By Caitlin Powell
Experts urge employers to act before lockdown restrictions are fully lifted, and warn businesses that fail to consult employees over changes face ‘ticking time bomb’
British businesses are uncertain about how they will implement hybrid working, according to a recent survey, but intend to consult their staff on how they would prefer to return to work after Covid restrictions are lifted.
A poll of 528 business leaders between May and June by Ellis Whittam found nearly half (46 per cent) of businesses were still undecided on how to coordinate a hybrid working approach across their workforces.
This figure increased to almost three in five (58 per cent) among large organisations with 150 or more employees.
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A third (33 per cent) of all business polled said it would be up to individual departments to decide which days they worked from the office.
Despite the uncertainty over how hybrid working would be implemented, the survey found high levels of senior support. More than three-quarters (77 per cent) of all organisations believed they had a senior team who fully supported hybrid working.
And more than four in five (81 per cent) businesses had already consulted or were planning to consult with staff about their preferences for post-pandemic working once restrictions were lifted, with almost three-quarters (73 per cent) of these firms saying their consultation would play a “significant part” in informing their approach.
However, 7 per cent said they had already consulted but that opinion was so divided among their workforce it hasn’t helped inform their approach.
James Tamm, director of legal services at Ellis Whittam, said although it was still unclear when the last of the Covid restrictions would finally be dropped, employers could still start preparing their workforce. “All businesses considering making hybrid working part of their normal working pattern must act now,” he said.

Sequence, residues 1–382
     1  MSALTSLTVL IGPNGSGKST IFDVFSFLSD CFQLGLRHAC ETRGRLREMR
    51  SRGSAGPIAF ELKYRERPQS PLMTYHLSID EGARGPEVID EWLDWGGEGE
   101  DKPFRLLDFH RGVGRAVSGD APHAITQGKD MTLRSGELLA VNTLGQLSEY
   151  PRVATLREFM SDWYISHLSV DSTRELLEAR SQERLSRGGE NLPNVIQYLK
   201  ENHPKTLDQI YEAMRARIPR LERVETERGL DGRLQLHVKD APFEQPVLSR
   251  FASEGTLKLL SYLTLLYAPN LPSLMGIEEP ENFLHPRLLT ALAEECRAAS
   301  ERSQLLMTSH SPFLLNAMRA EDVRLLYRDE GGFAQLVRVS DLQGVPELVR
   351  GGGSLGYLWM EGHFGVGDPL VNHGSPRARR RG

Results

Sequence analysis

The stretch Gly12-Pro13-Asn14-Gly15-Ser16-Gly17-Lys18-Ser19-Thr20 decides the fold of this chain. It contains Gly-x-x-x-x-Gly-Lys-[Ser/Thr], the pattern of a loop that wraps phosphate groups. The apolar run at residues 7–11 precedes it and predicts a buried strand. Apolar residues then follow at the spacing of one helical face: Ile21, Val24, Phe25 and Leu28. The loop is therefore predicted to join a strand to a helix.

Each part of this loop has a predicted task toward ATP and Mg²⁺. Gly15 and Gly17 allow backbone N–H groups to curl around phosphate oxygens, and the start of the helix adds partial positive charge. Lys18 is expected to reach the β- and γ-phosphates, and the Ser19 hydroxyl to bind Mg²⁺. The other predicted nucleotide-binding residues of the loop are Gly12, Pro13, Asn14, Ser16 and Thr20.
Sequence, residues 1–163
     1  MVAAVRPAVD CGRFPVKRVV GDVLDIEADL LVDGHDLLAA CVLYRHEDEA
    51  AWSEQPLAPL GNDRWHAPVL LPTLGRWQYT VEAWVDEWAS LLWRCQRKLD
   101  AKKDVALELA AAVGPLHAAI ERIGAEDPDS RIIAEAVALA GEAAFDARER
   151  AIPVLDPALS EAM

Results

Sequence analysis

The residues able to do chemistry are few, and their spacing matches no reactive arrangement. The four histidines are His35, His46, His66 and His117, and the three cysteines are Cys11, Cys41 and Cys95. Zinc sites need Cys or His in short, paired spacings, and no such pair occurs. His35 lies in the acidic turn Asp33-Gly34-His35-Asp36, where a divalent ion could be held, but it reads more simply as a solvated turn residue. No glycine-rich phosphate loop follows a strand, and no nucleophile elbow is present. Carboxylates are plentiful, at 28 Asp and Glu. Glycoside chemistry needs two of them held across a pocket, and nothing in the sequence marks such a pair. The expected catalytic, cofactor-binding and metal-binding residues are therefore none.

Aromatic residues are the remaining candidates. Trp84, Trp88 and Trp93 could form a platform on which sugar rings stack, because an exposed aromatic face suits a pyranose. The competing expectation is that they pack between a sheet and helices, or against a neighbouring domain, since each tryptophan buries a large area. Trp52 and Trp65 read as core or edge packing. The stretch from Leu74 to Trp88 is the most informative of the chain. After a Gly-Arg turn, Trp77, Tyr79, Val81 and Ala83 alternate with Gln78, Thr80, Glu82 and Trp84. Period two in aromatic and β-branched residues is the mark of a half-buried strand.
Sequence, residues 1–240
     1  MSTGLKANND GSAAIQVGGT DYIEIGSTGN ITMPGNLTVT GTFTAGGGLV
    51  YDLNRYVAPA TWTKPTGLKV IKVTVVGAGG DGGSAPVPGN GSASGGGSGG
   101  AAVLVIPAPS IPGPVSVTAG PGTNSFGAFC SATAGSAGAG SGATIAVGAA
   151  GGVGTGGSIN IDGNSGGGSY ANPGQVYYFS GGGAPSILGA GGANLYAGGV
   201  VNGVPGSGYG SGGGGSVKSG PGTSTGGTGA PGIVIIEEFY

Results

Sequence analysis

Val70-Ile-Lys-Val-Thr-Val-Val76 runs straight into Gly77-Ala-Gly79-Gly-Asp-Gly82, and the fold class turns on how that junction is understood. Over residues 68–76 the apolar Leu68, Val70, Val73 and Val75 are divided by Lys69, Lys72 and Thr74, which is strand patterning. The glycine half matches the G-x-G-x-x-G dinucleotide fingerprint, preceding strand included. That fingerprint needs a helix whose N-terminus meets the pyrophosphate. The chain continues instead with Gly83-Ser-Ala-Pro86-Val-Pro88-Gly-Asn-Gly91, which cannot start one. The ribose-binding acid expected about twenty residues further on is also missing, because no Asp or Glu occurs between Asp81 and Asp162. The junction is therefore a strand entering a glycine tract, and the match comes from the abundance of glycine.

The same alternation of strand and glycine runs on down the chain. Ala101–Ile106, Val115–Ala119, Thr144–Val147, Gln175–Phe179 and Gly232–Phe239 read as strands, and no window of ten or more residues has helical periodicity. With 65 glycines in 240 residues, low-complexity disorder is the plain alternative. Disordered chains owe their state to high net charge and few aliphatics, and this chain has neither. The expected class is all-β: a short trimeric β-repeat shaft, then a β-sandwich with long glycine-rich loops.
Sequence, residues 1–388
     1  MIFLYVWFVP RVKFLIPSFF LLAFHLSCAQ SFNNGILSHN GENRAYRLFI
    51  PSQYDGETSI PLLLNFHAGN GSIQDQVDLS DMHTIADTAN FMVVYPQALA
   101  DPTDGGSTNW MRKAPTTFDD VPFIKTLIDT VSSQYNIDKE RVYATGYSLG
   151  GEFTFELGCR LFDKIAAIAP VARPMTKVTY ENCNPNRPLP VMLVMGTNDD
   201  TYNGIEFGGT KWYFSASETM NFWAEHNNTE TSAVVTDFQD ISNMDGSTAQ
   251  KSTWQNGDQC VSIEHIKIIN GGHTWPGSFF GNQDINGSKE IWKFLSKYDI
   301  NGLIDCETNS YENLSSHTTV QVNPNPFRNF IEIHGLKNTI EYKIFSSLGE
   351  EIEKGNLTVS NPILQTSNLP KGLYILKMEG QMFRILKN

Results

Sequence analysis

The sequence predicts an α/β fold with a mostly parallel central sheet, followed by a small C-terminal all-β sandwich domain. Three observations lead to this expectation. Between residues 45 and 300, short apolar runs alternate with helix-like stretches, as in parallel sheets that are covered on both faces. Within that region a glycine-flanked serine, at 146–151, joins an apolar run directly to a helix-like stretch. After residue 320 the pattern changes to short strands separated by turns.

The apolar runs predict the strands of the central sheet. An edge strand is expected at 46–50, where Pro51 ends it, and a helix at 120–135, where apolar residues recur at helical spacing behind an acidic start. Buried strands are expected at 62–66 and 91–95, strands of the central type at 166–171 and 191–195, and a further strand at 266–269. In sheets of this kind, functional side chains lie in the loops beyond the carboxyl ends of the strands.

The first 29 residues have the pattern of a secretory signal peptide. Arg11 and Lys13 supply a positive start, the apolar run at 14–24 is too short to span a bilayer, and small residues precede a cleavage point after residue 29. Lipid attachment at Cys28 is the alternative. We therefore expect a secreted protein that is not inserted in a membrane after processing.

But, Tamm warned, firms that failed to consult their workforces were creating a “ticking time bomb”. “It may well create problems in terms of employees resisting contractual changes as well as general disputes. This could potentially even result in resignations from staff that don’t get their way,” he said.
Joshua Karl, director of Trusted People HR, highlighted the important role that managers would play in forming and rolling out any HR policies, and suggested the use of pulse surveys to allow managers to make specific arrangements for individual members of staff.
Managers should “have a conversation [with their staff] and keep it simple”, Karl said, adding that this was an opportunity to demonstrate authentic inclusive leadership. Hybrid working required planning and good communication, and employers would do well to allow time for a transition period and more flexibility, he said.
Stephanie Robinson, director of HR consultancy at Ellis Whittam and Law At Work, also recommended firms took the time to consult their staff. “It shows that you are a listening employer, determined to do the right thing for your employees, and interested in how they want to work post-pandemic,” she said.
“If senior individuals within the business view hybrid working as an engagement tool, understand the links to high-performance working, and are more open to agility and evolution, they are far more likely to promote this approach within a wider workforce, making successful implementation more likely”, Robinson added.
This article is originally posted in People Management.